Bagai, Hansra half-centuries shape up Canada win

Canadian captain Ashish Bagai and Jimmy Hansra during their 132-run match-winning partnership against Kenya at New Delhi

By Jamie Alter

 

New Delhi: Mar 7, 2011

 

In a match of no real consequence, Canada brushed aside Kenya to finally put themselves on the points table. They were made to work a touch hard for it, but Kenya’s fighting total of 198, in which their lower middle order helped them out, was still never going to be enough.

 

Jimmy Hansra made Kenya pay for dropping him on 0, leading the reply with a calm half-century, and Ashish Bagai returned to some semblance of form with a gritty 64 not out. Canada ended up winning by five wickets after a shaky start in this low-scoring match.

 

Rizwan Cheema fell early with an ugly swipe across the stumps and a direct hit from Jimmy Kamande sent Zubin Surkari packing. Ravindu Gunasekera had started to stamp a calm authority on the game, picking out the singles with ease and unleashing the odd big hit, but a moment of madness saw Kenya claim his wicket. Beaten down the leg side first ball from James Ngoche, Gunasekera wandered out of his crease and was stumped on the second attempt.

 

Ngoche should have had a second in his opening over, except Seren Waters spilled a sitter at mid-on to reprieve Hansra. Hansra promptly thumped two boundaries off the over and never looked back. With skipper Bagai, he started forming a partnership when Thomas Odoyo was taken off the attack and a good contest began to brew.

 

Ngoche tied up runs from one end with his steady off-breaks, and Hansra and Bagai had to rely on singles and doubles. They applied themselves sensibly, looking to take Canada through without further loss. Bagai scored predominantly off the back foot, always ready to cut, while Hansra largely through front-foot drives that threaded the off-side cordon.

 

Hansra snapped a barren ten overs without a boundary with a shimmy down the track to collect six off Kamande and repeated the shot off Steve Tikolo as Kenyan shoulders dropped.

 

The predominantly empty stands yawning back at the players could have done little to gee up the players in this low-key clash, but as the evening wound down there was some noise emanating from the stands, in all likelihood cheers for Bagai who was born in Delhi.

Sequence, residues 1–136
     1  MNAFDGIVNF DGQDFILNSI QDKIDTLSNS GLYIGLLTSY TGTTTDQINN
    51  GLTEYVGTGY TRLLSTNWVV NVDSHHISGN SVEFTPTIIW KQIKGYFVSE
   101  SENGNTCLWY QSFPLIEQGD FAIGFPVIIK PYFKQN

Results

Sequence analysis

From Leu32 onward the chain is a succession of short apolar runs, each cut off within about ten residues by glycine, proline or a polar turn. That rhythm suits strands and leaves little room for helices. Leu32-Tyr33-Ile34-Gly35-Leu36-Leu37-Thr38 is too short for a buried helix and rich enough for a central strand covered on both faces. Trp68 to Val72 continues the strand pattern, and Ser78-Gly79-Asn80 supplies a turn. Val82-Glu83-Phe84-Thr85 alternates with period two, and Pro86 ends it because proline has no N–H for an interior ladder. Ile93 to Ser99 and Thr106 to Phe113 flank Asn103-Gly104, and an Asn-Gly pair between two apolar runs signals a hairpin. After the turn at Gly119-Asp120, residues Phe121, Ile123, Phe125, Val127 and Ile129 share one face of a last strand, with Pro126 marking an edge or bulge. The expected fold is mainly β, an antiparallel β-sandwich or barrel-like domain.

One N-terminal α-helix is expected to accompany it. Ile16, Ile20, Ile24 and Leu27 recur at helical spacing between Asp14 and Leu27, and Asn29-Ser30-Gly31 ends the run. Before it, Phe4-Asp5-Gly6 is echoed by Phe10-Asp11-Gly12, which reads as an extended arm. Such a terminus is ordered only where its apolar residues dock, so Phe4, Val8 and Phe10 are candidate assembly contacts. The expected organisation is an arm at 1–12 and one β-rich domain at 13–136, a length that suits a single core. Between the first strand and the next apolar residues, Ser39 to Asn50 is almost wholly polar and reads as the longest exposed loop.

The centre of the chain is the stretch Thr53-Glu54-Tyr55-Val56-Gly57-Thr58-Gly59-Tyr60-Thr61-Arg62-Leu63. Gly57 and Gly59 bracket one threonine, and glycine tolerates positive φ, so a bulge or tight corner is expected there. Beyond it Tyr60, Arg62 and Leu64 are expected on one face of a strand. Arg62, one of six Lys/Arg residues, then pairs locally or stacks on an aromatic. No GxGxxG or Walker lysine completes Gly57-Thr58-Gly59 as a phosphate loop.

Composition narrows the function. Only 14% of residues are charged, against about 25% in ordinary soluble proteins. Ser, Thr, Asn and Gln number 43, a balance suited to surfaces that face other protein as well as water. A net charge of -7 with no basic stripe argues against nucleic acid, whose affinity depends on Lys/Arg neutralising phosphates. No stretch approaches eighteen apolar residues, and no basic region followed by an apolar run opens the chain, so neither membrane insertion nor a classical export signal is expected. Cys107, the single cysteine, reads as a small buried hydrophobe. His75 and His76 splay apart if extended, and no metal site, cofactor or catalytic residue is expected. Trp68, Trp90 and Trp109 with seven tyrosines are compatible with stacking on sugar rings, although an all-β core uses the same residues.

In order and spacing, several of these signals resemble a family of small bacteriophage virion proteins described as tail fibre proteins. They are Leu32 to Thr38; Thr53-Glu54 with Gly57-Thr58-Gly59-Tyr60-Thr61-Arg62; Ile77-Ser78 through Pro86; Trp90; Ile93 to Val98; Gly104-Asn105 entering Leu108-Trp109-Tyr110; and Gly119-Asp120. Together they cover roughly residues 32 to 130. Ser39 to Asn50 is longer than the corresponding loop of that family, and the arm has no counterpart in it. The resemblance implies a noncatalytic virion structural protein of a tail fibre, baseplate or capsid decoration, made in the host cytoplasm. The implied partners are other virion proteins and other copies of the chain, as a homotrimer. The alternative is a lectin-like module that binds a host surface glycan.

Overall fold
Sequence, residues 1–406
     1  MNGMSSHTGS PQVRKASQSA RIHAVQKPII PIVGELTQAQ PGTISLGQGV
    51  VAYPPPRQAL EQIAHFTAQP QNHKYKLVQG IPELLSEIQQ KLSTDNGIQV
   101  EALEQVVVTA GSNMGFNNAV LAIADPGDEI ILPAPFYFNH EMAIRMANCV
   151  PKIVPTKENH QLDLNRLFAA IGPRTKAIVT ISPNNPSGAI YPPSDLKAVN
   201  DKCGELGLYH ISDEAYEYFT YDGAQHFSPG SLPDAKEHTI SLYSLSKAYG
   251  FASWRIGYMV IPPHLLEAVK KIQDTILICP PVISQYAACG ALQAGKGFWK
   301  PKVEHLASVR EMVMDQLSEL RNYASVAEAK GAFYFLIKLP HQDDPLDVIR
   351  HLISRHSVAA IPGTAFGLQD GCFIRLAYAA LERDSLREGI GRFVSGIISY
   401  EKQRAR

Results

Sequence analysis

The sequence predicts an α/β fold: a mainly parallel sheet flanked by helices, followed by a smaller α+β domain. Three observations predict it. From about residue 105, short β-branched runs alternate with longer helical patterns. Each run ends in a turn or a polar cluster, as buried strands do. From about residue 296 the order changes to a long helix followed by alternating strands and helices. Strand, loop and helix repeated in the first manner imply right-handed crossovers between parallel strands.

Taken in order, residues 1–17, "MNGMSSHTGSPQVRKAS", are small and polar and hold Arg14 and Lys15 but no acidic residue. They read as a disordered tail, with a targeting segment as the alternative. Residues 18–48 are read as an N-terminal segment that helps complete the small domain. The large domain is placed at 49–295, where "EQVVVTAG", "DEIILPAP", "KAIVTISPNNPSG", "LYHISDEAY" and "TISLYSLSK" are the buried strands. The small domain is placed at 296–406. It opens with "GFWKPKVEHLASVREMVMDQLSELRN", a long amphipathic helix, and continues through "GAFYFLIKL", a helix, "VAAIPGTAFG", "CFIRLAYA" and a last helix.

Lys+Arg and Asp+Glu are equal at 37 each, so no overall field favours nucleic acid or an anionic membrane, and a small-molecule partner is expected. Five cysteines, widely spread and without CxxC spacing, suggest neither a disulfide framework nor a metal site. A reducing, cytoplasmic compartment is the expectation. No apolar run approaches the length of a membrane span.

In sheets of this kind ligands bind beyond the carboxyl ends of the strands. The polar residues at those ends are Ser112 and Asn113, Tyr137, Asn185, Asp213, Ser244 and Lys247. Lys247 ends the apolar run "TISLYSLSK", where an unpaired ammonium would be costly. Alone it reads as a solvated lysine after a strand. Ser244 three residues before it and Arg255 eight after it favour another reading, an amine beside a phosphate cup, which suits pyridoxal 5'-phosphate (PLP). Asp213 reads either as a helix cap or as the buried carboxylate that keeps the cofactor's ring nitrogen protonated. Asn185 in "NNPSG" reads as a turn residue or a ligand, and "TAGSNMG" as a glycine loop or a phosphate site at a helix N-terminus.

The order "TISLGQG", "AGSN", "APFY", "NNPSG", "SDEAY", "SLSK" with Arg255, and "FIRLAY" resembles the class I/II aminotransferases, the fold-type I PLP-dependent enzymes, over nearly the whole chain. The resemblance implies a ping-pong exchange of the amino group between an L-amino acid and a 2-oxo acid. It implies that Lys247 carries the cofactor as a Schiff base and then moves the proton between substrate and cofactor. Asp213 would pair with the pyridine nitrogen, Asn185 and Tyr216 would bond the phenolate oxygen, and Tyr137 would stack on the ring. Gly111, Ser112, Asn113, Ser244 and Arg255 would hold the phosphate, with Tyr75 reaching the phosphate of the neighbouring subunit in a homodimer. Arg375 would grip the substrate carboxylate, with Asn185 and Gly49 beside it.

His was a composed innings, full of nudges and tucks around the corner. He never gave Kenya a sniff, and after crossing fifty decided to finish the chase with a flurry.

 

Earlier, Canada’s batsmen had been pushed for victory after Kenya made a much better fist of things to reach a respectable 198. At 57 for 5, even 100 looked a fair bit away, and if it hadn’t been for Tanmay Mishra and Odoyo Kenya might have been severely embarrassed.

 

Henry Osinde, bowling with control and extracting some good movement, drew first blood after Kenya opted to bat. A little bit movement did for Maurice Ouma, who limply pushed at one just outside off stump and edged into Harvir Baidwan’s lap at second slip.

 

Waters’ thoroughly disappointing tournament continued as he played down the wrong line and was bowled to leave Kenya bleeding at seven for two. Osinde’s repeated away movement had the batsmen pushing and prodding, and he continued to beat the bat during a great opening spell (7-2-16-3).

 

Baidwan bowled well and dismissed Collins Obuya for a brisk 31, while Tikolo’s idea of hitting his way out of a slump ended unfortunately. He was adjudged lbw on review, though the replays suggested there was an inside edge as Cheema became the third seamer to pick up a wicket.

 

Mishra and Kamande offered some resistance with a 52-run partnership in just over 14 overs. A push here and a nudge there enabled the duo to tick along but some poor running between the wickets cost them a few valuable runs. Kamande, who toughed it out when those before him couldn’t, stayed at the crease 58 balls for 22 runs, but could not resist cutting a ball from Balaji Rao into Bagai’s gloves (109 for six).

 

That Kenya made it to 198 from here was thanks only to the sensible batting of Mishra and Odoyo. Mishra’s driving down the ground and between the covers was confident and allowed Kenya to pose a comeback as Canada seemed to slip into consolidation mode after knocking out half of the Kenyan team.

 

He swept anything off line and collected 71% of his runs on the leg side. Mishra did all the hard work initially, defending and blocking when wickets fell around him, while Odoyo came out and lifted the mood with some hard-hit drives. After crossing fifty, Mishra fell trying to up the tempo. Odoyo, Kenya’s most-capped player, injected 51 valuable runs, with five boundaries, to the total until Baidwan ended the innings with the last ball of the innings.

 

 (Jamie Alter is a freelance cricket writer, having worked at ESPNcricinfo and All Sports Magazine.His first book, The History of World Cup Cricket, is out now)

 

Brief Scores: Kenya 198 all out in 50 overs (Tanmay Mishra 51, Thomas Odoyo 51, Collins Obuya 31; Henry Osinde 4 for 26, Rizwan Cheema 2 for 30, Harvir Baidwan 2 for 41, Balaji Rao 1 for 36 ) lost to Canada 199 for 5 in 45.3 overs (Jimmy Hansra 70, Ashish Bagai 64*; Nehemiah Odhiambo 2 for 45) by 5 wickets.

 

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